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Australian consumer watchdog drags Samsung to court for alleged misleading ads

Samsung has been called out by the Australian Competition and Consumer Commission (ACCC) for misleading advertisements about its Galaxy smartphone models’ water resistance feature.

According to a court filing seen by Marketing, the ACCC alleged that the smartphone manufacturer made “false, misleading and deceptive” representations in advertising the water resistance of various Galaxy-branded mobile phones. The ACCC legal document claimed that Samsung’s Galaxy phones which were advertised as being water resistant were sold at a higher price than Samsung phones which do not have this feature. Approximately four million Galaxy-branded phones have been sold in Australia.

The ACCC’s case involves over 300 advertisements by Samsung. The ads which have been running on social media, online, TV, billboards, brochures and other media platforms since February 2016 and said that the Galaxy phones are water resistant and depicted them being used in, or exposed to, oceans and swimming pools. The Galaxy smartphones were also promoted as being water resistant for up to 1.5 metres deep for 30 minutes.

However, the ACCC claims Samsung Australia did not undertake or have knowledge of testing, or sufficient testing, of the effect of immersion in liquid (including liquids other than fresh water) on the useful life of the Galaxy phones. The Australian competition watchdog argues that Samsung did not have a reasonable basis, and that the Galaxy phones were not suitable for use in all types of water. “The life of the phones could or would likely be adversely affected if used in water (including non-fresh water),” ACCC said in the legal documents.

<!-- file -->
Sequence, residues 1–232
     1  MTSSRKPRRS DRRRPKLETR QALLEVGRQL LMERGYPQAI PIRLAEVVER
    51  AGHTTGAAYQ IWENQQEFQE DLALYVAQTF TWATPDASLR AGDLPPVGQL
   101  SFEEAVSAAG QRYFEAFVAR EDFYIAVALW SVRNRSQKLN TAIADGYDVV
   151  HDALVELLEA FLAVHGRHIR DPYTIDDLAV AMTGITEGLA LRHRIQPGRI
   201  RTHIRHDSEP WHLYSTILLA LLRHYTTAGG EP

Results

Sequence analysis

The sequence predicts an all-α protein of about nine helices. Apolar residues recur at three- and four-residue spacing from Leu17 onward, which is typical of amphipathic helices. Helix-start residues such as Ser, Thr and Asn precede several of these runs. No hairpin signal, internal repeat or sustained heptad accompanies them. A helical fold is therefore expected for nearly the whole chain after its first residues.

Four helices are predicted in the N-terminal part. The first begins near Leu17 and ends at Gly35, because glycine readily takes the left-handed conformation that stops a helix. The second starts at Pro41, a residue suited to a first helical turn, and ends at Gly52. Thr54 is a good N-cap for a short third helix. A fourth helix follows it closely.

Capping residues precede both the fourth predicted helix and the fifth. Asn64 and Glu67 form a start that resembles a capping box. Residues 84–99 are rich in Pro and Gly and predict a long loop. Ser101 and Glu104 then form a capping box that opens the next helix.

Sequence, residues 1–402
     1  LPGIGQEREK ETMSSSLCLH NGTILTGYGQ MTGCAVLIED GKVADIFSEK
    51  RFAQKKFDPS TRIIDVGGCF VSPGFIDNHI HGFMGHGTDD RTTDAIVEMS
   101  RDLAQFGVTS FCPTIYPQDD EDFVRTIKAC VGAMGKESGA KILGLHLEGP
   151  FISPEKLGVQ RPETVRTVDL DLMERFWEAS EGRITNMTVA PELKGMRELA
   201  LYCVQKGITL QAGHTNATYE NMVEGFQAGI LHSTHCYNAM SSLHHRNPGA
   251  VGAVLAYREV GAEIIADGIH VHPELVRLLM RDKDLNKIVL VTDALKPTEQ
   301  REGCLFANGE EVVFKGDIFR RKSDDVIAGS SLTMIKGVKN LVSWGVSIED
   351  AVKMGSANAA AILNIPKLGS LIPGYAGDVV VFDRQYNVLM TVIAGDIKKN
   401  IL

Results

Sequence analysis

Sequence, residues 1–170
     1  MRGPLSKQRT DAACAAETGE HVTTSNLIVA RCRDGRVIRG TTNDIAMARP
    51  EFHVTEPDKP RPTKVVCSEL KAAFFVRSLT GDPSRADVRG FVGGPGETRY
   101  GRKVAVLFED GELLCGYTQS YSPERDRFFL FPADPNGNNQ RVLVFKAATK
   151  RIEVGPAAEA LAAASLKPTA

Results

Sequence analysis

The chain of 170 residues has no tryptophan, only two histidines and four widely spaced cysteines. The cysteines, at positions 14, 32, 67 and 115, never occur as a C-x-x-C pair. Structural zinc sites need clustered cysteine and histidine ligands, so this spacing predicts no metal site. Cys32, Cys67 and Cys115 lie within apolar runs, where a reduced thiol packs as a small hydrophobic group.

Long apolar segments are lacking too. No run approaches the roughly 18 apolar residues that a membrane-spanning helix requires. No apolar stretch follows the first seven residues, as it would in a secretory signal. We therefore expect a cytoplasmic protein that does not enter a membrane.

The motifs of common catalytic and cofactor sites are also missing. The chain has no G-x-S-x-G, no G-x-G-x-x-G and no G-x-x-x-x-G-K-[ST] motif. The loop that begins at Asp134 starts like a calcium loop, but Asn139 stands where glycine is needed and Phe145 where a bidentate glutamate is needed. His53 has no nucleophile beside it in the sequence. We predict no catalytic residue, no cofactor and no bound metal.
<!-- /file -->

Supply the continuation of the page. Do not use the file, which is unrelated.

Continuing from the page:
Meanwhile, Samsung said it intends to defend the court proceedings brought by the ACCC.

“Samsung stands by its marketing and advertising of the water resistancy of its smartphones. We are also confident that we provide customers with free-of-charge remedies in a manner consistent with Samsung’s obligations under its manufacturer warranty and the Australian Consumer Law. Customer satisfaction is a top priority for Samsung and we are committed to acting in the best interest of our customers,” it added.

According to ACCC chair Rod Sims, “Samsung’s advertisements, we believe, denied consumers an informed choice and gave Samsung an unfair competitive advantage. Samsung showed the Galaxy phones used in situations they shouldn’t be to attract customers.”

Under the Australian Consumer Law, businesses cannot mislead consumers about its products’ capabilities and any attempt to do so will risk court action from the ACCC. Currently the ACCC is seeking penalties, consumer redress orders, injunctions, declarations, publication orders, an order as to findings of fact, and costs.

(Photo courtesy: Samsung website)

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